Coronavirus: Key workers receive honours in Queen’s birthday list

Fourteen per cent of list comprises of health and social care workers who worked tirelessly through pandemic

Queen's Birthday Honours: Celebrity highlights

Key workers dominate the Queen’s birthday honours this year, alongside famous faces such as Marcus Rashford, Dizzee Rascal and Joe Wicks.

The list was due to be announced in June, but was postponed to include essential workers such as medics, fundraisers and volunteers, who have been instrumental in the fight against Covid-19.

There are 1,495 honours on this year’s list, with health and social care workers making up 14 per cent of recipients. Thirteen per cent of recipients are from a minority ethnic background, making it the most diverse list after last year’s new year honours, of which 12 per cent were from a minority ethnic background.

According to the Cabinet Office, this year’s list is the first to have 11 per cent of recipients aged under 30. The youngest person on the list is 16-year-old Theodore Wride, who is awarded a BEM for service to his community in Sunderland amid the pandemic.

The list also includes 740 women, which represents 49 per cent of the total. This is lower than the 50.7 per cent seen in the new years honours list last year, while 6 per cent of people being honoured considered themselves to have a disability.

Boris Johnson, the prime minister, said: “This year’s honours recipients are a testament to the sort of country we are – caring, compassionate and resolute in the face of a global pandemic. The hard work and dedication of these local, often unsung heroes has helped carry us through. I congratulate them all.”

Key workers from black, Asian and minority ethnic communities are honoured in the list for their selfless efforts in keeping Britain safe, including Felicia Kwaku, associate director of nursing at King’s College Hospital NHS Foundation Trust.

Ms Kwaku is made an OBE for her services to nursing, having been in the profession for 30 years. She is from Islington, north London, and supported black and minority ethnic nurses by delivering webinars during the pandemic and raised issues surrounding personal protective equipment, particularly for Filipino nurses.

She said it is “timely and appropriate” that black and minority ethnic people are being recognised for their efforts during Black History Month, adding: “You can’t ignore the fact people have laid down their lives during this pandemic.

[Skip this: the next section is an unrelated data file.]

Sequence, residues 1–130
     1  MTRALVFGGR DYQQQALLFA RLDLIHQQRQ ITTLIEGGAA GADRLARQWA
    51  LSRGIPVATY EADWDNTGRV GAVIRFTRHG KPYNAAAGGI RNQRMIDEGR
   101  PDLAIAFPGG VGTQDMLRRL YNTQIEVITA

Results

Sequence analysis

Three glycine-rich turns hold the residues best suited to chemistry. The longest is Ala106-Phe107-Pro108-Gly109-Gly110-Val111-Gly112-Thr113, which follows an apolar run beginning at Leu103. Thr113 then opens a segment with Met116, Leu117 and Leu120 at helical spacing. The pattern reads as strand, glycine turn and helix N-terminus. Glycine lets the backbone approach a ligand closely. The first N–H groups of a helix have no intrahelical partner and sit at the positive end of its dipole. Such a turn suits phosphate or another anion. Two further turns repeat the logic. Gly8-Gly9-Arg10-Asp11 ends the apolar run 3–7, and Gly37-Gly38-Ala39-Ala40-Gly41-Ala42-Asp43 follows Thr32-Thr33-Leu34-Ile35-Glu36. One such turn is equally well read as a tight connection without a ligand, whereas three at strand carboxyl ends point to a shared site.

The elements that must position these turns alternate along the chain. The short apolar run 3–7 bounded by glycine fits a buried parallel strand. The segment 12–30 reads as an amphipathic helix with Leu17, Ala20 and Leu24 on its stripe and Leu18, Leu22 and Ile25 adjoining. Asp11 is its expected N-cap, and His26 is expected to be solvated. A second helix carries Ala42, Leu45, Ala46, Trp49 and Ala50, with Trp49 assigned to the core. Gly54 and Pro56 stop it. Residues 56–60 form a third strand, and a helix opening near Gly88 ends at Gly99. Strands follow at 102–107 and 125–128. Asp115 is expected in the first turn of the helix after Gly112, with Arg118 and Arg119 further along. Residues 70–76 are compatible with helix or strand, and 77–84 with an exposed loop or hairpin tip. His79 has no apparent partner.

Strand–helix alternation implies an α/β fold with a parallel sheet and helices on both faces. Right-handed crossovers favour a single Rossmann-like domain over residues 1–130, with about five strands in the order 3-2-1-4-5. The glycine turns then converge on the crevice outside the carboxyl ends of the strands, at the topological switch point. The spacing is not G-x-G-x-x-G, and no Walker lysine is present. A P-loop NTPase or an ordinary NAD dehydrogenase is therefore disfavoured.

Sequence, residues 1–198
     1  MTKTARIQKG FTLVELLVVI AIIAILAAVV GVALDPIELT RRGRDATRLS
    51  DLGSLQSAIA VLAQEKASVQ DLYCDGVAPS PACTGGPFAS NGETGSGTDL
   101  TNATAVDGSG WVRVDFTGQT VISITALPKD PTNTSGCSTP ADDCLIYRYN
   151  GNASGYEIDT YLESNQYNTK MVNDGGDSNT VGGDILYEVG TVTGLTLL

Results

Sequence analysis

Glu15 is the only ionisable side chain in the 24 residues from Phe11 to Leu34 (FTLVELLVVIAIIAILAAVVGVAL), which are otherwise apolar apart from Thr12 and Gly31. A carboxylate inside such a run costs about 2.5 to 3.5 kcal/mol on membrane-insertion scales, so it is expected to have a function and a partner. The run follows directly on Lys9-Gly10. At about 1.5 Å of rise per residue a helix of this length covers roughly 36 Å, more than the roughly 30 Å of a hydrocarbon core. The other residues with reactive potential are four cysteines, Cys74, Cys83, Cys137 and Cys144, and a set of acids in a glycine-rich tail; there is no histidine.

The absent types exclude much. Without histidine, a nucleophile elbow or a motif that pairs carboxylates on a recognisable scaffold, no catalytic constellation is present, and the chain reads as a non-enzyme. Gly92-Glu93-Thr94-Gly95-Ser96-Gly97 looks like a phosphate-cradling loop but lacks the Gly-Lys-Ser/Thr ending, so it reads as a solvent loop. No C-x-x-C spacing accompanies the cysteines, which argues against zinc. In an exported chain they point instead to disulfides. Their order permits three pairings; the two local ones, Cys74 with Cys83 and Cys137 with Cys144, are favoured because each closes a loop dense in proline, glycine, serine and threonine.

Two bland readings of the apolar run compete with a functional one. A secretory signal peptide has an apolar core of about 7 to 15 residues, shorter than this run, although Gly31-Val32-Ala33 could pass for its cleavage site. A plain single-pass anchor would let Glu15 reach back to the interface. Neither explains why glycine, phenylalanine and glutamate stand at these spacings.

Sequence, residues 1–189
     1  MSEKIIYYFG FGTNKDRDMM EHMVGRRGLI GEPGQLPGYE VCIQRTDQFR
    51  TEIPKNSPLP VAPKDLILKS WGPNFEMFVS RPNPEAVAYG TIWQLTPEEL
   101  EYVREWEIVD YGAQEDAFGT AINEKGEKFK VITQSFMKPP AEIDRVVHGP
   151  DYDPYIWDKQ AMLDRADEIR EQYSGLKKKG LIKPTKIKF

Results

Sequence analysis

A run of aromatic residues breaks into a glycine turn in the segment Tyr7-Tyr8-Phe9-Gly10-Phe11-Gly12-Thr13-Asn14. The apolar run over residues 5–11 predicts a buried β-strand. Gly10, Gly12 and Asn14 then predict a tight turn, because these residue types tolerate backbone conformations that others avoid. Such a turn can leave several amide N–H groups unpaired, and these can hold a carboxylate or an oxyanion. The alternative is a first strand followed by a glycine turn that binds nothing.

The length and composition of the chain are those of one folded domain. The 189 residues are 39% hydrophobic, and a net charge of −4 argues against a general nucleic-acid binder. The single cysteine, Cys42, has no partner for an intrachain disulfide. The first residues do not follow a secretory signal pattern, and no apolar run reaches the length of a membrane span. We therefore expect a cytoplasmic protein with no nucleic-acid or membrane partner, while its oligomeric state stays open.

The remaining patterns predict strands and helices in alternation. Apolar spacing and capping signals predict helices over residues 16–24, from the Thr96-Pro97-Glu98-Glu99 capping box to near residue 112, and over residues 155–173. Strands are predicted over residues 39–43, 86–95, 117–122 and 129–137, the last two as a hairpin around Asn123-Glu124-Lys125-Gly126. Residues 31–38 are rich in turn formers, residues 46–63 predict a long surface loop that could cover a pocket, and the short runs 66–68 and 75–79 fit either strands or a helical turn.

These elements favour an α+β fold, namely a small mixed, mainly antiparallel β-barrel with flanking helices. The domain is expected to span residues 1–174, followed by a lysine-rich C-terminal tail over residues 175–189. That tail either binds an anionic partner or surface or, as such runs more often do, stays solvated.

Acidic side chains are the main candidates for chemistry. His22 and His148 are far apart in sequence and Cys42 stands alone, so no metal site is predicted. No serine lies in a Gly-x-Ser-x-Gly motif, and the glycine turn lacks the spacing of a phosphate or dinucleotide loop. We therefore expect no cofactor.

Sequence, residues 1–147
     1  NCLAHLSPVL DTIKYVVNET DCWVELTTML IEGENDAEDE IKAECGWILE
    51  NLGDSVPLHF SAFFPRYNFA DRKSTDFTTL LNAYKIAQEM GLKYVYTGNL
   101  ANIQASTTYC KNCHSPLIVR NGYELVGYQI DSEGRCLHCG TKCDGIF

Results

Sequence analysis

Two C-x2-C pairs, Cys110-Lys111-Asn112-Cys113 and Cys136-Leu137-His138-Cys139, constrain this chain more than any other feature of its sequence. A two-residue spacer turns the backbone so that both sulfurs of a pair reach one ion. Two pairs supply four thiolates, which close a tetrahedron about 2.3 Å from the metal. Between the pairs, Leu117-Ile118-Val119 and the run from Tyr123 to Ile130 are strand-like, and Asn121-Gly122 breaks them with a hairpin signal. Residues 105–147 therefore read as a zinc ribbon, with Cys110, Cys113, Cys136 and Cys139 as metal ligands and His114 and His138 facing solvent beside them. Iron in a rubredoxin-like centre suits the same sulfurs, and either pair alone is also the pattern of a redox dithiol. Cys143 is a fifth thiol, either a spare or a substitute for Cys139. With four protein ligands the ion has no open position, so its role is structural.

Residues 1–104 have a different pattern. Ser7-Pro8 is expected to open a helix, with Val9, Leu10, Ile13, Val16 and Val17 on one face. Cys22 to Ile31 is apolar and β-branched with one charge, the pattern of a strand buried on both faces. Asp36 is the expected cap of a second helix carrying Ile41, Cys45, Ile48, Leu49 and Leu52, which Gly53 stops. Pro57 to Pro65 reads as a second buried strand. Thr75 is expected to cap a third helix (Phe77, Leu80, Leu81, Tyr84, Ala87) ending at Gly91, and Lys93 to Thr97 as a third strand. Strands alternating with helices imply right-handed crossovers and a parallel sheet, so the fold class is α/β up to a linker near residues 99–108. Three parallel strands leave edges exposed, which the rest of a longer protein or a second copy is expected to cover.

“It is only right, proper and fitting to honour them and honour those who continue to serve.”

Seventy-two per cent of those on the honours list have worked tirelessly for their local community, reflecting the huge voluntary effort across the country during the pandemic.

Dabirul Islam Choudhury, 100,  is made an OBE after he raised £420,000 for Covid-19 relief while fasting during Ramadan.

Inspired by Captain Sir Tom Moore, Mr Choudhury walked 970 laps of his garden in Bow, east London. Sir Tom is the Second World War veteran who raised an astounding £33 million after walking 100 laps of his garden before his 100th birthday in April.

Mr Choudhury said: “I feel proud they have honoured me for the efforts I have done. I thank everybody from the bottom of my heart.”

Other everyday heroes include Ali Ghorbangholi, 29, and Professor Mark Wilson, 46, co-founders of the GoodSAM app that helped mobilise hundreds or thousands of volunteers in support of vulnerable people who were shielding at the height of lockdown.

Several experts working in the science, health and pharmaceutical fields have also been recognised for their efforts, including Professor Stephen Holgate from the University of Southampton, Emma Walmsley of GlaxoSmithKline and Tim Spector from King’s College London.

Prof Holgate, a Medical Research Council clinical professor of immunopharmacology, is knighted for services to medical research.

Ms Walmsley, chief executive of GSK, becomes a dame. She said: “I’m humbled to receive this honour. It is a real testament to the many outstanding people we have at GSK and the work we do for patients and people here in the UK and around the world.”

Mr Spector, professor of genetic epidemiology and lead of the Covid Symptom Study app, is made an OBE.

Reporting by PA

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